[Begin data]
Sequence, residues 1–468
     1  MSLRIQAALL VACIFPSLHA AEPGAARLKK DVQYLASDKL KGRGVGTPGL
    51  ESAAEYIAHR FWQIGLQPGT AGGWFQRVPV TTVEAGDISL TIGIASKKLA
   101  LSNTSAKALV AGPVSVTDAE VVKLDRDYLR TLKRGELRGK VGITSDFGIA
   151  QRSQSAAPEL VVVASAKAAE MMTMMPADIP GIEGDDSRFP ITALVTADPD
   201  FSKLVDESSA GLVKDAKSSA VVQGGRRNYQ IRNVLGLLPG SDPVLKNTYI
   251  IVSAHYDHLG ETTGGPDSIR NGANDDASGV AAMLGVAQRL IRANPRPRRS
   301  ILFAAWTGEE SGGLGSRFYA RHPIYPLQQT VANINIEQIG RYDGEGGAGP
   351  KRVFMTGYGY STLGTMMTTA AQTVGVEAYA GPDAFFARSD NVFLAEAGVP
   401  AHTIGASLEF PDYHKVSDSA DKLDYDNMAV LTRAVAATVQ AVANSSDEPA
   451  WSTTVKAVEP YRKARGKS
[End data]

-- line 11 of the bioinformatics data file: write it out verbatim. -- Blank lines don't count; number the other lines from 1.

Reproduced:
   451  WSTTVKAVEP YRKARGKS